County to Seek Housing, Library Bond Measures

Written by Sullivan

March 31, 2020

With San Luis Obispo County now the fifth least-affordable place to live in the entire United States, County Supervisors are going to see if voters are willing to help do something about this.

On March 10, Supervisors directed the staff to continue working on placing a $40 million housing bond measure on the November 2020 Presidential Election ballot and also putting a similar bond measure on the ballot that would raise some $40 million to repair, replace, and upgrade the county’s public libraries.

The dueling ballot measures would both increase property taxes — by some $3.85 per $100,000 in assessed value per year to landowners over 20-years for the housing bond; and $3.73 per $100,000 in assessed value per year to landowners over a 20-year debt term for the library bond.

If both received the necessary two-thirds majority for approval, then property taxes would rise some $5.58 per $100,000 of assessed value per year. With the median price of a home now about $615,000 in SLO County, that would mean paying an additional $34.32 a year in property taxes should both pass.

And it would be a countywide tax, so even landowners within incorporated cities would also have to pay it. However, that also means the money would be available for projects within cities, too.

Principal County Administrative Analyst, Carolyn Berg, said the housing bond would provide about $4 million a year for 10 years, repaid over 20 years, to assist in building affordable housing by developers and housing agencies throughout SLO County.

The housing bond is intended to create a funding source so builders do affordable housing, said Berg.

She noted that under a State housing mandate, SLO County must plan for an additional 10,800 housing units spread across all the cities and towns, by 2028.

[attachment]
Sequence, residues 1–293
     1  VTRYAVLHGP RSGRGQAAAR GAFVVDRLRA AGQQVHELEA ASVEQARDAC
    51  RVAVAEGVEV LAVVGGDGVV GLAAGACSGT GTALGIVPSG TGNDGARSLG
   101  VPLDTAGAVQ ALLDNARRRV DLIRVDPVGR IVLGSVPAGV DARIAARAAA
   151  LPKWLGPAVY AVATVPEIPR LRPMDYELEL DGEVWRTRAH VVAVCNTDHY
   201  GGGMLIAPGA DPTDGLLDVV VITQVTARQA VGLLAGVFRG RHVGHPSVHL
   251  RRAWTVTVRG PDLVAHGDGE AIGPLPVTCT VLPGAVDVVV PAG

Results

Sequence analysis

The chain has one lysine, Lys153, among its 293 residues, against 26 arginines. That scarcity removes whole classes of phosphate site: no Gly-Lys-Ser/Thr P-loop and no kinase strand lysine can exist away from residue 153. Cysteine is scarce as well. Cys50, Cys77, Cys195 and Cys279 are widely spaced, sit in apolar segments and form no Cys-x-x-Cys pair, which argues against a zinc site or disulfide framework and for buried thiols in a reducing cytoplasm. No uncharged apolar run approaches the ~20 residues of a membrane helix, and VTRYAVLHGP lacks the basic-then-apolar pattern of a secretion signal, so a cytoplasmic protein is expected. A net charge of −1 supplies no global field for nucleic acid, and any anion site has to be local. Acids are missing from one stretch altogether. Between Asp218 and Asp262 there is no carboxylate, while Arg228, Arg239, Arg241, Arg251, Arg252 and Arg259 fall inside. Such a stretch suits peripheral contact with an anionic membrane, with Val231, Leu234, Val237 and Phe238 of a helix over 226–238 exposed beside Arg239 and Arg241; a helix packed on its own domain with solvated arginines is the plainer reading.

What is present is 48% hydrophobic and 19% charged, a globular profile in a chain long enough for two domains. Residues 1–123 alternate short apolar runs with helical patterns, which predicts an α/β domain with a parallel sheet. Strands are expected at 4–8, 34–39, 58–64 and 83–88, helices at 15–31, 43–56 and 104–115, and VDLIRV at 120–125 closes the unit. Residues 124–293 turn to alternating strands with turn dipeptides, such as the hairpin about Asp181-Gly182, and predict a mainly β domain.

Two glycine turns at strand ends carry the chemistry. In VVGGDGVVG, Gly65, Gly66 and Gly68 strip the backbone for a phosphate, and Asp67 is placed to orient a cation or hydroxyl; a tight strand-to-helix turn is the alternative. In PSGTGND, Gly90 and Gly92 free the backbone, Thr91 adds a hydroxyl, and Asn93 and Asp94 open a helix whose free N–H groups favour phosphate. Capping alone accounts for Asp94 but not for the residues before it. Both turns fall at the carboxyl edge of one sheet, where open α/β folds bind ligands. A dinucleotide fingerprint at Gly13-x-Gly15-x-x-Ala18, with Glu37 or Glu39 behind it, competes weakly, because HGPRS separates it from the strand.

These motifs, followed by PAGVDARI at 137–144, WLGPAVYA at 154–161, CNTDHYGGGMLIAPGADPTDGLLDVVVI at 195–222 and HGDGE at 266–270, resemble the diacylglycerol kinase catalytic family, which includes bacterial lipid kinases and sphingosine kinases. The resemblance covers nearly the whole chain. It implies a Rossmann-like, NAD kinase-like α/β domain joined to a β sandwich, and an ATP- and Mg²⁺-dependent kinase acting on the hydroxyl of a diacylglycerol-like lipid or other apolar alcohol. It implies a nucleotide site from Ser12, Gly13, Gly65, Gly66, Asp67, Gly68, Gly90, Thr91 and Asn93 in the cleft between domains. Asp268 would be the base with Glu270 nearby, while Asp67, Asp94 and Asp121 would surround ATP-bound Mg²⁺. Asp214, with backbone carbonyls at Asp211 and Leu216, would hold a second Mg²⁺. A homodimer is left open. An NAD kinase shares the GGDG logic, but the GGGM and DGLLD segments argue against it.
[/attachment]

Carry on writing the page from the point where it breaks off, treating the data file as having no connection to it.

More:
All cities and the County are currently updating the housing elements of their general plans to reflect this new mandate, she explained. Those updates are due by the end of 2020.

She said the plan is to bring a draft ballot measure back to Supervisors in early June and have a final draft ballot measure ready to send to the County Elections Office by June 16, to appear on the November ballot.

The County library department is working on the ballot measure covering the library repair and maintenance bond. As we previously reported, the County Library System has millions of dollars in overdue maintenance and facility upgrades, and the City of Paso Robles needs to build a new library, so the decision was made to lump Paso Robles’ needs in with the rest of the County into one bond measure.

Under the initial plan, every library in SLO County would get some kind of upgrade. Several communities — Atascadero, Morro Bay, Cayucos and Cambria among them — have all either gotten new library buildings, remodeled their old facilities, or as in the case of Los Osos need new buildings.

Both County teams will be reaching out to the voters and educating the community on the bonds, their costs and purposes, explained Berg. County Planning and Building Department, she added, will be putting together a plan for workshops and town hall events, and doing an online survey to gauge community priorities with regards to the housing bond.

The County already hired consultants. In December 2019, the County contracted with EMC Research Inc. and Clifford Moss to conduct the feasibility study for both potential bond measures. A total of 952 mixed-mode surveys (telephone and email-to-web) were conducted in mid-January 2020. Among the findings were:

  • Some 45% of respondents indicated either affordable housing or homelessness as the most important problem facing San Luis Obispo County;
  • Initial support for the housing bond stands at 57-58%; after positive messaging, it stands at 59-60%; and then falls to 55-56% after negative messaging; and,
  • Initial support for the library bond stands at 48-50%; after positive messaging, it stands at 53-54%; and then falls to 48-49% after negative messaging.

With these initial results, both bond measures would seem to have an uphill climb, as each needs two-thirds (66%) approval in order to pass.

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